But as a word of caution, if you overdo with the time management thingie, your goals might somewhere be lost in the maze. To support this theory (or concept), I have a story to share. Well, I was told that this story is hypothetical but I think I could relate to it in a number of ways. "There was one a couple - a husband and wife, leading their normal routine life. The husband was very organized and did everything on time. He was never late for his appointments. And he followed the same in his personal life. Like a good husband, he would always come back home on time. The wife was simply the opposite. She took her own sweet time in whatever she did. And this made the husband unhappy. Once, the husband and wife decided to go for a movie. Being calculative and keeping a buffer travelling time, the husband was ready and out waiting in the car. The wife, on the contrary, took her own time choosing her dress with concern, did a little bit of make up, wore a nice pair of shoes to go with the outfit and eventually came down by the car a bit later than expected. This made the husband very angry and he scolded her for being disorganized and not punctual at all. What happened. They fought and the evening out ended in a disaster."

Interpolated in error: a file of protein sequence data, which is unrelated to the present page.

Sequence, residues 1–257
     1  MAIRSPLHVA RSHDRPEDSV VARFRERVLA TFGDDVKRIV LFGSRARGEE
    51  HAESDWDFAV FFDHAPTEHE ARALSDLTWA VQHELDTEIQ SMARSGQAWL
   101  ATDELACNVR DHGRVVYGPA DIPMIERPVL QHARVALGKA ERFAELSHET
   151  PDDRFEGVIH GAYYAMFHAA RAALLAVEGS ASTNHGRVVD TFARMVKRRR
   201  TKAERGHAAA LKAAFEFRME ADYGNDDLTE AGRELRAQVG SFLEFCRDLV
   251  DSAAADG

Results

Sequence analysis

See, here the point of going for a movie, essentially, is that the couple must spend a few happy moments together to make their weeded life a success. The goal is not to watch the movie (most of the times) but to enjoy the time that they get to spend together. Their married life would have to face the repercussions, if they end up fighting after the movie. The ultimate goal is not achieved. They might as well have stayed back and not gone for the movie in the first place.
What was required here was that both of them understand each other's needs and adapt themselves to each others preferences. The husband should understand the wife's weakness but he should also not force his behaviour on her. On the other hand, the wife must at least live up to the expectations by keeping a buffer time herself, if she knows that she would take extra time to get ready. She must understand what it means to keep somebody waiting. They both must work and re-design their goals and take the necessary actions towards it.
So basically, these goals are not only useful in our professional lives, but also play an important role in our personal lives. A few years back, somebody in my family taught me a golden rule - "Every change that you make in your life must be measurable
Therefore, every step that we take towards achieving our goal must be calculated. Of course, there a few distractions and external factors which are not in our control. But leaving these unpredictable circumstances, every step you take would be a step closer to the goal.
Disclaimer: At the end of the post I realized that majority of the things written out here are not from the trainer's mouth. Every word here is my own and you are free to agree or disagree to it. I still have a lot more to say but I didn't want to make the post too long. I could write about it some other time, maybe.